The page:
The World Meteorological Organisation (WMO) has just published its latest report on our climate and the results are damning.
The WMO is the United Nations’ authoritative voice on weather, climate and water and you would be hard pressed to find a more educated group of the world’s finest scientist minds.
The report predicts that the 1.5 degree increase in temperatures is likely to be reached in the next five years, with a 90 per cent chance of at least one year, between now and 2025, being the warmest on record.
What does this mean for the planet? Increasing heat, drought and insect outbreaks, increased wildfires, declining water supplies, reduced agricultural yields, health impacts in cities due to heat and flooding and erosion in coastal areas, all of which are more than a much-needed wake-up call.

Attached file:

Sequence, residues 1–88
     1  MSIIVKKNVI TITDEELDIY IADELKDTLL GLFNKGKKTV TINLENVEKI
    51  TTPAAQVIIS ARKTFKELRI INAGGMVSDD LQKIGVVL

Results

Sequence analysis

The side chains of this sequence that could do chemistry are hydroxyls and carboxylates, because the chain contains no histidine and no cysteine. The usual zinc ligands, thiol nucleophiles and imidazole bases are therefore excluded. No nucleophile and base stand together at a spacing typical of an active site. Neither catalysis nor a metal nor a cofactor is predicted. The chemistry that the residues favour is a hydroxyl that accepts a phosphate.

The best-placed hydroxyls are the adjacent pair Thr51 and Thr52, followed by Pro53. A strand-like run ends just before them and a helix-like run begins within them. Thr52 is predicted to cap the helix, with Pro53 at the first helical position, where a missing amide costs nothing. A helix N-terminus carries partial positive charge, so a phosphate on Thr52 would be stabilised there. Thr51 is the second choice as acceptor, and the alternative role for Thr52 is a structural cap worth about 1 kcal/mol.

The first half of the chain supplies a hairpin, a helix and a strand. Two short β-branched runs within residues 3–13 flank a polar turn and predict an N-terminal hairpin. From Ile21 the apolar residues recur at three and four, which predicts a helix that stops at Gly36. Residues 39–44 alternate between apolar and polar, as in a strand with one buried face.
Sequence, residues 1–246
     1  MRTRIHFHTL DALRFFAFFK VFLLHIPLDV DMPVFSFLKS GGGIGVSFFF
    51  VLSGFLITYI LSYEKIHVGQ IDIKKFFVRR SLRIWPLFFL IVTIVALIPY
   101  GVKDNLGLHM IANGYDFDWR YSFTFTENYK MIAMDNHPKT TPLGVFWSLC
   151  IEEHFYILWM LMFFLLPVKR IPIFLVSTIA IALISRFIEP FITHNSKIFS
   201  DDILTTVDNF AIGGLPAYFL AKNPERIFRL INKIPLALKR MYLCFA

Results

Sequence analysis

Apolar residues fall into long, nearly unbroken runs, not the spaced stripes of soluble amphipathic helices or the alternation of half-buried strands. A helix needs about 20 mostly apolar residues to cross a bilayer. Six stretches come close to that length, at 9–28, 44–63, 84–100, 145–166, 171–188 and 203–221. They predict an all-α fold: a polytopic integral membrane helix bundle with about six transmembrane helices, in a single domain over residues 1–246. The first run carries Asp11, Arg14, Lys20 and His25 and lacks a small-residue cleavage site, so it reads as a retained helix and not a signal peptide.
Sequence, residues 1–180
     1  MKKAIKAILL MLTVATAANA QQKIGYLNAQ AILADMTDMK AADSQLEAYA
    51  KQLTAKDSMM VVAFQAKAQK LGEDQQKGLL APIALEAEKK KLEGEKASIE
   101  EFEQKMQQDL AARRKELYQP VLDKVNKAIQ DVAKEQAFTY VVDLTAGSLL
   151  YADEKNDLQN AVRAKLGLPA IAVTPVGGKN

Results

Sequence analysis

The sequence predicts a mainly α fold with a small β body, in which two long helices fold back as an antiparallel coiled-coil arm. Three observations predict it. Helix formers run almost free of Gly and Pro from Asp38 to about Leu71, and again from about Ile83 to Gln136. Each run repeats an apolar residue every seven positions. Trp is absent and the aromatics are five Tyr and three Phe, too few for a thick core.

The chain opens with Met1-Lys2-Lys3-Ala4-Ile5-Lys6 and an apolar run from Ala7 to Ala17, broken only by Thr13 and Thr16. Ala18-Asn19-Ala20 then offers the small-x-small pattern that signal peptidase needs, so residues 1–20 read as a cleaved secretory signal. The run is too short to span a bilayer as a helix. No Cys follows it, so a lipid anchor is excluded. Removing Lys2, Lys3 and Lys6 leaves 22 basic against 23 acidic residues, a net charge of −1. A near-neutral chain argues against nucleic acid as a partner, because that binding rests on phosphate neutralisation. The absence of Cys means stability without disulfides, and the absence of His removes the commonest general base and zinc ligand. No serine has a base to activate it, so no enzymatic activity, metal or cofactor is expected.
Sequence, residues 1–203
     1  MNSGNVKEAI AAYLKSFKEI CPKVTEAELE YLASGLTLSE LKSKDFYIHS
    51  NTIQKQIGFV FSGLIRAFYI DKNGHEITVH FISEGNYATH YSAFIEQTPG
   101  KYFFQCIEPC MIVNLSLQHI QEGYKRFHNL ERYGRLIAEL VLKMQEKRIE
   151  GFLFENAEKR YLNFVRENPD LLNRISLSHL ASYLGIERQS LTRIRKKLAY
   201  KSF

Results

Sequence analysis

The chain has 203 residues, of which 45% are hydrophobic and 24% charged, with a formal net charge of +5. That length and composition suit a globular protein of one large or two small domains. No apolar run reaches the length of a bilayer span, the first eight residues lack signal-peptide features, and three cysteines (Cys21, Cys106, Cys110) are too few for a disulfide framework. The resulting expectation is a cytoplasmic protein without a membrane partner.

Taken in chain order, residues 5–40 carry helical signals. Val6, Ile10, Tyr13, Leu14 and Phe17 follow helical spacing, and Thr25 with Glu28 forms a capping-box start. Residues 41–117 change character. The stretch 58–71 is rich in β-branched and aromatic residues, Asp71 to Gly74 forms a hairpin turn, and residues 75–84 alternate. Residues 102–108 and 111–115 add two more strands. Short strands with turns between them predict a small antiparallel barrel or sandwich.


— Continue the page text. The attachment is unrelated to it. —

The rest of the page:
Urgent action is needed to cut greenhouse gas emissions, achieve carbon neutrality and embrace a greener, renewable and sustainable future.
In 2020 the global average temperature was 1.2C above the pre-industrial level and the effects were clear to be seen in rising sea levels, melting sea ice and extreme weather, which not only affected the planet but also had a detrimental impact on socio-economic development.
The Paris Agreement, an international treaty on climate change, aims to keep rising temperatures globally this century to under 2C above what was recorded in pre-industrial times, but with 79 years left to go of this century, we are not on track to achieve this.
The G-7 Leaders Summit is being held in the UK from June 11 and, with climate change high on the agenda, let’s hope some positive, measurable actions will be defined.